ZIAD ABU–RISH: Well, you know, I think it’s important to recognize that protesters are not necessarily unified in their demands. However, I think they share a wholesale rejection of the status quo, in which all major political parties in Lebanon are implicated. Whether it’s President Michel Aoun or presidents that have come before him, whether it’s Speaker of Parliament Nabih Berri, all members of Parliament currently or former parliaments, this Cabinet or former cabinets, they have collectively failed to deliver on any of the aspirations and needs of the majority of the people who live in Lebanon, including citizens, refugees, migrant workers and other people.
I think what we want to look for as we move forward, as an indication if there’s going to be structural change or not, is who is going to be appointed to the next cabinet. Is this cabinet going to be an independent cabinet? Is it going to be comprised of competent persons? And is it going to be empowered to legislate the necessary laws that are required to begin the transformation of the political system in Lebanon and pave the way to some meaningful accountability and transparency?
For example, the electoral law in Lebanon is constantly voted on and passed before each election cycle. Electoral laws, as you know, determine districting, the distribution of seats and the threshold for making it into office. This has largely allowed for this political class to reproduce itself every time elections are held. And if the electoral law is not fundamentally changed, then there’s no reason to suspect that new elections will result in an entirely new composition of this Parliament.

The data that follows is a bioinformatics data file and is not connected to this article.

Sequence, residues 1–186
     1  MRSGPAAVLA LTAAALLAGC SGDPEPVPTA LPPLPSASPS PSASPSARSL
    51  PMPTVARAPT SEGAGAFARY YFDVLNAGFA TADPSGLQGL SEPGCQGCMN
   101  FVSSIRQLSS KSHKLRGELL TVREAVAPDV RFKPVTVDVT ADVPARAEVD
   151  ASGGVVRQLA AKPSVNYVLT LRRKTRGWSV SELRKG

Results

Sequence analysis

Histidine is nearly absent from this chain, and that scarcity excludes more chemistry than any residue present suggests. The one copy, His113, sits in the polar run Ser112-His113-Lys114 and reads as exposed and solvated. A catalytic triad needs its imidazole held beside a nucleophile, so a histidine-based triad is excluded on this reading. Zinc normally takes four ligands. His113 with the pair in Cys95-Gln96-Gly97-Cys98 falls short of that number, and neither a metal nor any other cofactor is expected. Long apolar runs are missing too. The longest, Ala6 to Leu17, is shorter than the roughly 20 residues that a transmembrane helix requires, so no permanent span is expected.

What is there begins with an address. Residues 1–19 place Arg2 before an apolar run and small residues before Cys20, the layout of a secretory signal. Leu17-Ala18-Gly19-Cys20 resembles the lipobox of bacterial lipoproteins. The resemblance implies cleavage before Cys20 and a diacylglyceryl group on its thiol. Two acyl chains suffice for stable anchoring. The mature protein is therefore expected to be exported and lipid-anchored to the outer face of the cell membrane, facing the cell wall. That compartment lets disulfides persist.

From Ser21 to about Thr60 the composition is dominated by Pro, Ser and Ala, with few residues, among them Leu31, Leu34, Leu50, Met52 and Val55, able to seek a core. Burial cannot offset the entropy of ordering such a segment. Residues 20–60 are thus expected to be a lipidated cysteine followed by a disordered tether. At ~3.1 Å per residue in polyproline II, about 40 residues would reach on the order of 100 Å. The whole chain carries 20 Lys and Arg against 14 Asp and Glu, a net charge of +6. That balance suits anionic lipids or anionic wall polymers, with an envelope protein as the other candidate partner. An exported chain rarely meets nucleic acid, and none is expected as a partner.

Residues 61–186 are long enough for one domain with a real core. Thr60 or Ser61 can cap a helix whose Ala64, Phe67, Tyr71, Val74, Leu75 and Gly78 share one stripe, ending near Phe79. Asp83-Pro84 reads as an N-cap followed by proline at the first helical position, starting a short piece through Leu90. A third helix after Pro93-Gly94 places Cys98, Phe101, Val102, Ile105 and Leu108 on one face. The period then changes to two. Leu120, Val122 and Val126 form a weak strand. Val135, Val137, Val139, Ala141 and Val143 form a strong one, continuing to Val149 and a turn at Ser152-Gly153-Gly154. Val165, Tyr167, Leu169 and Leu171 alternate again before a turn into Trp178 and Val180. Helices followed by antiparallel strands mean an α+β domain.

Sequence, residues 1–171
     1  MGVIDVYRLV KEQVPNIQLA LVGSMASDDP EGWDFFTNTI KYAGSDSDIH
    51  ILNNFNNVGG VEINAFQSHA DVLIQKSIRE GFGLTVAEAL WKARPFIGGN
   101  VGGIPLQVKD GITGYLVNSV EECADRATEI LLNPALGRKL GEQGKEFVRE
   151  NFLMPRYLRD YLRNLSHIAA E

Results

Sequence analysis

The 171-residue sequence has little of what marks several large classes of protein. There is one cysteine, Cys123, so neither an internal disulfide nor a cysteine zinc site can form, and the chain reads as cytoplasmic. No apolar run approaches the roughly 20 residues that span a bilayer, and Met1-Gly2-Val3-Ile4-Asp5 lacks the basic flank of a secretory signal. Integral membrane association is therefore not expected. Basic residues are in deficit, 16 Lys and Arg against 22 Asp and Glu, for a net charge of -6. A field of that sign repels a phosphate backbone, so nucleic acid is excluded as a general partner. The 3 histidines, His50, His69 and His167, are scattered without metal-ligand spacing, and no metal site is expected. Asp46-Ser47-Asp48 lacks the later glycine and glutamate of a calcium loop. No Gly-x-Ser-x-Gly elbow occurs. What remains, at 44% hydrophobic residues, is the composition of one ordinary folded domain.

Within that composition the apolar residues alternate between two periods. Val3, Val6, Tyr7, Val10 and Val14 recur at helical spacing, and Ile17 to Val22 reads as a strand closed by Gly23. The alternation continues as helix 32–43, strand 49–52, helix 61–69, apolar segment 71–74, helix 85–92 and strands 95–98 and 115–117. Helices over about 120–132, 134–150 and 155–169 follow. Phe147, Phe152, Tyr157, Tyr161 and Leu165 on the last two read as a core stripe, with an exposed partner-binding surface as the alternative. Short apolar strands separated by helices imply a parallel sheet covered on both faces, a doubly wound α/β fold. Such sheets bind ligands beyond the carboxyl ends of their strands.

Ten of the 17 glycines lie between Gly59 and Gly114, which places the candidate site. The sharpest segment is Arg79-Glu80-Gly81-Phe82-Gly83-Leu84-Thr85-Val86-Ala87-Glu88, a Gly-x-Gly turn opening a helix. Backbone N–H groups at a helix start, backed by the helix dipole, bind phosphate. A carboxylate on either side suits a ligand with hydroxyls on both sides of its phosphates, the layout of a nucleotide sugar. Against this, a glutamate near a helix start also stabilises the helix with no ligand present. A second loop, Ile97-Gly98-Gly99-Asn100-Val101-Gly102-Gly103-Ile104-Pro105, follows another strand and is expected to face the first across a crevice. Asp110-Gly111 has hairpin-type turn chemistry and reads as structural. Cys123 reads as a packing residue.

Of course, there are other reforms that we can think of that protesters have demanded for a long time, including judicial reform for the creation of a truly independent judiciary, an addressment of the economic crisis, which has only continued to worsen. There has been no forensic audit to understand what happened and who is responsible. There have been no stopgap measures taken to prevent the continuous downward spiral. And, of course, now, in the wake of the explosion, any new cabinet is going to have to establish a meaningful investigation of the causes of the explosion and holding those people responsible. None of these things have happened, not in the Diab Cabinet and not in other cabinets before them. And this is the fundamental issue here in Lebanon, if anyone hopes to see the kind of transformation that most protesters are calling for.
AMY GOODMAN: Can you respond to the French president, Macron, coming to Lebanon? The opening sentence of an AP report on his trip begins, “It was almost as if Emmanuel Macron forgot that Lebanon is no longer a French protectorate.” He was in the streets before Lebanon’s prime minister was. If you can talk about that relationship and also the $300 million that have been conferenced, a donors’ conference set up, and where that money would go?
ZIAD ABU–RISH: Absolutely. Well, the fact that Macron was in the streets before the prime minister or any other major official in Lebanon was is more a reflection of the unaccountability of the Lebanese political class to the population of Lebanon than it is the goodwill intentions of the president of France.
I think Macron was trying to seize the initiative for France and the European Union to get ahead of the United States in paving a way for some type of exit of the political and multiple crises in Lebanon. And he is perhaps even trying to reposition France in relation to Lebanon and the broader Middle East.
That being said, I think it’s important to note that France, the United States, the European Union, the International Monetary Fund, the World Bank, as well as other powers, like Iran, Russia, Saudi Arabia, are all complicit in helping create, maintain and sustain the political system in Lebanon that most protesters are calling for the downfall of. So, this is either an 11th-hour about-face turn by the Macron government, and France more generally, or it’s a cynical attempt to reestablish relationships.